VMware Virtual SAN (VSAN) is now generally available, and the delivery is via VMware ESXi 5.5 Update 1.  For those using a Linux PXE boot server to install ESXi hosts, below is a quick shell script that takes care of everything automatically.

Usage example (all one line):

# esxiso2pxe /var/install/tftpboot/ esxi55u1 VMware-VMvisor-Installer-5.5.0.update01-1623387.x86_64.iso

In order to use the optional ESXi submenu concept, simply add the following to pxelinux.cfg/default

LABEL esxisub
   KERNEL menu.c32
   APPEND esxi-submenu
   MENU LABEL Jump to ESXi submenu



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Dear Readers,

It’s time again for the annual vSphere Land top blog contest and I write this post to respectfully ask for your vote. I would greatly appreciate a vote for VCritical and kindly request that you consider allocating your valuable #1 vote. The scoring for this contest is weighted — every vote counts but the top positions are worth many more points than lower ones. Yes, this is a big ask!

VCritical was founded in 2008 with the objective of providing valuable technical content to the VMware community while highlighting VMware advantages over heavily-funded competitors.  The most popular posts can be seen in the sidebar to the right — I am amazed to still see hundreds of views every day for critical topics such as nested virtualization and PXE booting ESXi.  Thanks for reading, and I hope you have found value here over the years!

Please vote VCritical for your #1 top VMware blog, using this process:
Vote VCritical

Thanks for your continued support and please keep on virtualizing… with VMware technology!

Best regards,


SolarWinds just published a compelling survey that shows how technology pros from a range of organizations throughout North America view the changing role of IT.  Not surprisingly, the most impactful technology advancement from the recent past is virtualization.  Moving forward, emerging technologies expected to disrupt IT the most have to do with Bring Your Own Device (BYOD or BYOx) and mobility.  The top critical investments for business in the future will be cloud computing and mobility.

In other news, this morning VMware announced the intended acquisition of AirWatch – the leader in enterprise mobile device management.  Quelle coincidence!

Or, as Barb Darrow from GigaOm put it:

One way to prove you’re really into the mobile enterprise, is to spend over a billion on a mobile device management company.

IT pros with expertise in VMware products appear to be very well poised for the future.

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Are you trying to figure out how to integrate disparate silos of virtual infrastructure through limited multi-hypervisor management features or expensive third-party add-ons?  Was avoiding lock-in a panacea, or has it merely added to the challenge of meeting service levels?

Now it is finally possible to visually experience the chaos of a multi-hypervisor datacenter as well as the pleasing efficiency that comes upon transitioning to an SDDC based entirely on industry-leading VMware vSphere:

Although it may seem like Everyone Else is deploying a multi-hypervisor datacenter, it’s actually not as common as certain vendors imply. In fact, the practice is not generally recommended for most organizations — Gartner clients may be interested in their take on this topic.

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A very revealing case study just published by VMware describes how the cumbersome management of Hyper-V prompted a former customer to return to VMware.  Dierbergs — a supermarket chain in the Midwest — began their virtualization journey in 2011 with VMware vSphere, but later succumbed to the temptation of seemingly lower cost Hyper-V and invested considerable effort in migrating over to the Microsoft hypervisor.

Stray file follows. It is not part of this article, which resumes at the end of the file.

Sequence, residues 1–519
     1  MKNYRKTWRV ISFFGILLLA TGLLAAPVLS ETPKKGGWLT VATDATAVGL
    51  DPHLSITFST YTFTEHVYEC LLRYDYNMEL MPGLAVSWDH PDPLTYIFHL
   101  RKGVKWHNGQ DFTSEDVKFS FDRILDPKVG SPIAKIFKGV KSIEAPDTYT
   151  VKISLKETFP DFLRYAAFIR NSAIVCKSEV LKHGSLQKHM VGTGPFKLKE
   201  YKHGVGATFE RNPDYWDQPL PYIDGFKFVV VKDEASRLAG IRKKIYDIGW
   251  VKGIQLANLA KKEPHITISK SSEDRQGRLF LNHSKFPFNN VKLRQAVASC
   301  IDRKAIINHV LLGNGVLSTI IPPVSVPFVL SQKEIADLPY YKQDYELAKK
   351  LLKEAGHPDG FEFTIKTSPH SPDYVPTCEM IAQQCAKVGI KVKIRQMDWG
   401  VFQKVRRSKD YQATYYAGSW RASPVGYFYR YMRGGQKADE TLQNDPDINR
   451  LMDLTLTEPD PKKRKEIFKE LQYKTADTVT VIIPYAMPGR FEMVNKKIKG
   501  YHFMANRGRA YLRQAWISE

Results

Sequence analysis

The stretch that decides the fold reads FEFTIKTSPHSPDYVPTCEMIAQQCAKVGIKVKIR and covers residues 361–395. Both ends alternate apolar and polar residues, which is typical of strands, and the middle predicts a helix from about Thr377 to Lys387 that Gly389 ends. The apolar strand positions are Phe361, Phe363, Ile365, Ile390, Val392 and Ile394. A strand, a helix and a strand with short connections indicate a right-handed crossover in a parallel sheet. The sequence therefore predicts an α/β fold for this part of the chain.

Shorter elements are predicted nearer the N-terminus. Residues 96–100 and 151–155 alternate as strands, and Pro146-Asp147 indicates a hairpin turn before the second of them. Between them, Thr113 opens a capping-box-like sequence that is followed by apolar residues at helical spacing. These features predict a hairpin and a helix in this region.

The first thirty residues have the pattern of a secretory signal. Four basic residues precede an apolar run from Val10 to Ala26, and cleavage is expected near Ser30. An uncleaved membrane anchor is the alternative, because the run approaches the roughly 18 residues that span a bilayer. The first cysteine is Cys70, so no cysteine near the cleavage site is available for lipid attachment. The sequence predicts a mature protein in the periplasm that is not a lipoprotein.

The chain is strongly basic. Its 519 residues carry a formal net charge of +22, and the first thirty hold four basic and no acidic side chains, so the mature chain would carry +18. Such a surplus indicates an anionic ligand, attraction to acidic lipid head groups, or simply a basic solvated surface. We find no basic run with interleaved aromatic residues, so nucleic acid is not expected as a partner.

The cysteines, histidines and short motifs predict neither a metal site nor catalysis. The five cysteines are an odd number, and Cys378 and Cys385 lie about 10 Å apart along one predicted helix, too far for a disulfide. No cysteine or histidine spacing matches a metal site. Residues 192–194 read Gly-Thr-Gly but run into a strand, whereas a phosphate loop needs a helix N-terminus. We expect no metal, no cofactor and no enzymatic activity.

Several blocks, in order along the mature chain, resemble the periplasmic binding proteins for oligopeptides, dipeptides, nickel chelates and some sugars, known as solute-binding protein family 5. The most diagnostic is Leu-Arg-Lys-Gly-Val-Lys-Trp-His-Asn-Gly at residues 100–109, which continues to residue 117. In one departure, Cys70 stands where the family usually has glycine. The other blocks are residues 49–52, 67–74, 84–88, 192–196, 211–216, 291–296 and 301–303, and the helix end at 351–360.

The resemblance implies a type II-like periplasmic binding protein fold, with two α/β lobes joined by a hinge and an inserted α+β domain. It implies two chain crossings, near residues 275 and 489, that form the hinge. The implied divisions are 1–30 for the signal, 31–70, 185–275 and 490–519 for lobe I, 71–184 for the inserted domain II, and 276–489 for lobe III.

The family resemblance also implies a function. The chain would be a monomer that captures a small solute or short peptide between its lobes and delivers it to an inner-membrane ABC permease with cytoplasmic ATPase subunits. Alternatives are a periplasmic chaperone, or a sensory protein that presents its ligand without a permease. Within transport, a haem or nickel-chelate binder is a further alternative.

In the study, IT Infrastructure Manager Chris Lindloff highlights key frustrations they had with Windows Hyper-V:

Dierbergs experienced five major outages in a single year, taking down critical machines necessary for inventory and product ordering. “Even with the highest level of Microsoft support, we had difficulty resolving every outage,” says Lindloff. “Some of our outages lasted as long as 12 hours. One outage even corrupted a critical database server that we needed to restore from backup, resulting in significant data loss.

No surprise here — since Hyper-V is tightly dependent on Windows, Patch Tuesday applies not only to the applications running in the data center but also to the entire virtual infrastructure – double trouble!  VMware vSphere takes an entirely new and different approach by using a very lightweight, purpose-built hypervisor as the foundation for a resilient software defined data center.

Technology leadership at Dierbergs made the critical decision to move back to VMware technology this year:

…while Hyper-V promised to be less expensive, that simply wasn’t true in practice. The total cost of ownership was far higher because of the need for additional management time and extensive support.

If your IT team is spending excessive cycles troubleshooting random connectivity issues or poring over disparate recommendations in an attempt to avoid patching disasters, consider the real-world experience of Dierbergs CIO Jim Shipley:

With the VMware solutions, we spend more of our day focusing on strategic initiatives, which in turn helps IT drive real value back into the business.

The hypervisor is a critical component of the data center, not a commodity as challengers would have you believe.  Standardize on VMware vSphere so your technology pros can focus on the future, and the days of experimenting with alternatives will soon be in the past.

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